Volume 6 Supplement 1

Proceedings of the Sixth International Society of Sports Nutrition (ISSN) Conference and Expo

Open Access

Effects of BIOCREAT supplementation on strength and body composition during an 8-week resistance training program

  • Morgan Lewing1,
  • Earnest Pena1,
  • Chris Poole1,
  • Fanny Dufour1,
  • Eric Consancio1,
  • Hallie Jacobson1,
  • Kristen Dugan1,
  • Tyler Jones1,
  • Natalie Ervin1,
  • Cliffa Foster1,
  • Richard Kreider2,
  • Lem Taylor1 and
  • Colin Wilborn1Email author
Journal of the International Society of Sports Nutrition20096(Suppl 1):P11

https://doi.org/10.1186/1550-2783-6-S1-P11

Published: 31 July 2009

Background

BIOCREAT is a highly purified unique molecule extracted from Fenugreek (Trigonella Foenun greacum) seeds. BIOCREAT is a proprietary patent pending molecule of INDUSBIOTECH that is hypothesized to enhance creatine uptake. The purpose of this study was to evaluate the effects of BIOCREAT supplementation on strength and body composition.

Methods

47 Resistance trained men completed all phases of testing. Subjects were matched according to body weight and randomly assigned to ingest in a double blind manner 75 g of dextrose (N = 15, 20 ± 1.1 yrs, 177 ± 6 cm, 87 ± 11 kg, 16 ± 5.6 %BF), 75 g of dextrose/5 g creatine in powdered form (N = 14, 21 ± 4 yrs, 181 ± 7.1 cm, 89 ± 12 kg, 18 ± 5.5 %BF) or 900 mg BIOCREAT/3.5 g creatine capsules (N = 17, 21 ± 2 yrs, 179 ± 6 cm, 85 ± 10 kg, 15 ± 6 %BF). Subjects participated in a supervised 4-day per week periodized resistance-training program split into two upper and two lower extremity workouts per week for a total of 8-weeks. At 0, 4, and 8-weeks, subjects were tested on body composition via dual energy x-ray absorptiometry, 1 RM strength, muscular endurance, and anaerobic capacity. Statistical analyses utilized a two-way ANOVA with repeated measures for all criterion variables (p ≤ 0.05). Data are presented as mean ± SD changes from baseline values.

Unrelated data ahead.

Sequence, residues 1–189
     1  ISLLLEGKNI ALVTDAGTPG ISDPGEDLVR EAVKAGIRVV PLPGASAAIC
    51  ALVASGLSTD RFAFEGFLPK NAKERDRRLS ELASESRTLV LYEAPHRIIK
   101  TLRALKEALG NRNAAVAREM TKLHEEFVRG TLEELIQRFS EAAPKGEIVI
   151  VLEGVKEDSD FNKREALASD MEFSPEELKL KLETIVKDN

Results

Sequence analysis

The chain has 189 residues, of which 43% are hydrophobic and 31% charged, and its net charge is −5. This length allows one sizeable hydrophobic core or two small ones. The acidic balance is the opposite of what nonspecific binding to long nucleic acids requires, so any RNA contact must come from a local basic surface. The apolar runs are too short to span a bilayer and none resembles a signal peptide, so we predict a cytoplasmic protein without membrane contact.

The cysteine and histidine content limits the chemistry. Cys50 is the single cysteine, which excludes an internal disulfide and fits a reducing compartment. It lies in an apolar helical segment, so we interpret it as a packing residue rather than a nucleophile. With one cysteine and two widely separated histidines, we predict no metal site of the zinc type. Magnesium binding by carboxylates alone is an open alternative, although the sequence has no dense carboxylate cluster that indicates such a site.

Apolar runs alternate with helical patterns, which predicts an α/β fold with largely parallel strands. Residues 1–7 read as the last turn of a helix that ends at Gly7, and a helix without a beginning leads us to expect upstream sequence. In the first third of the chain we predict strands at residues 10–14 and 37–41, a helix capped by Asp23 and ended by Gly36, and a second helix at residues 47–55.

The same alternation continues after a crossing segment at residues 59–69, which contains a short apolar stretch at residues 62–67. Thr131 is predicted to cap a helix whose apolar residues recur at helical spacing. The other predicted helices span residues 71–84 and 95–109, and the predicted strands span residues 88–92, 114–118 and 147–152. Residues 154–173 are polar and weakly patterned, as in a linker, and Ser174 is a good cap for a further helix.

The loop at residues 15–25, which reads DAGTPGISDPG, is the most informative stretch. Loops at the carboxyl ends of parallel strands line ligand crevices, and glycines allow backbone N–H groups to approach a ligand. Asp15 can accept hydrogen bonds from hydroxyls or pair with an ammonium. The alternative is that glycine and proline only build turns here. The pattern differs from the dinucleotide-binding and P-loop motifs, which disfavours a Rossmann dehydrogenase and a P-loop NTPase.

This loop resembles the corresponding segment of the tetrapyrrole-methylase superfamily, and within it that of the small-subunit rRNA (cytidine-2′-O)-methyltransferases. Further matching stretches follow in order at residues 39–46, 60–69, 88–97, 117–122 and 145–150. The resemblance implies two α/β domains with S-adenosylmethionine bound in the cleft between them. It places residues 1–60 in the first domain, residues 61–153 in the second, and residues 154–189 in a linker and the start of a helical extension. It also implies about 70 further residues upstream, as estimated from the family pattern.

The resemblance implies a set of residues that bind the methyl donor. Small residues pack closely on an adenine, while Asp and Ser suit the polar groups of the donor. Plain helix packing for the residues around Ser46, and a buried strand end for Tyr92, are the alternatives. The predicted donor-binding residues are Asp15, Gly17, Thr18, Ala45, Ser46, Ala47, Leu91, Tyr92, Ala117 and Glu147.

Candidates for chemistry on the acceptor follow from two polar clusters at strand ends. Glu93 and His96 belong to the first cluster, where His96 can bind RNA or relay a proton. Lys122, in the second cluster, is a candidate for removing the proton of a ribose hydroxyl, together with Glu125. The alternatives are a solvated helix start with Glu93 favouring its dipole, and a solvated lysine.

Results

Significant group × time interaction effects (p ≤ .05) were observed with BIOCREAT and creatine groups compared to placebo in changes of lean mass (PL: .4 ± 1.7 kg, CRE: 1.8 ± 2.1 kg, BIO: 1.8 ± 1.3 kg) and bench press 1 RM (PL: 8 ± 10.7 lbs, CRE: 21 ± 13 lbs, BIO: 16 ± 11 lbs). Further analysis revealed that the BIO group had a significantly (p ≤ .05) greater Wingate peak power (PL: 18.9 ± 55.7 watts, CRE: 12.1 ± 70.4 watts, BIO: 55.8 ± 66.1 watts) at the four week time point in comparison to PL and CRE. Significant main effects for time (p ≤ .05) were observed on body weight, fat mass, body fat percentage, leg press, and Wingate mean power. No significant interactions were observed among groups for muscular endurance on bench press or leg press or in any clinical safety data including lipid panel, liver function, kidney function, and/or CBC panel (p > 0.05).

Conclusion

It is concluded that BIOCREAT supplementation had a significant impact on upper body strength and body composition in comparison to placebo in a double blind controlled trial. The results obtained also demonstrated that there was no significant difference between BIOCREAT and the dextrose/creatine mixture on parameters of upper body strength and body composition. These changes were obtained with no clinical side effects. We conclude that in addition to a structured resistance training program, BIOCREAT can significantly increase strength and muscle mass.

Declarations

Acknowledgements

This Study was sponsored by INDUS BIOTECH.

Authors’ Affiliations

(1)
University of Mary Hardin-Baylor, Human Performance Lab
(2)
Texas A&M University, Exercise and Sport Nutrition Lab

Copyright

© Lewing et al; licensee BioMed Central Ltd. 2009

This article is published under license to BioMed Central Ltd.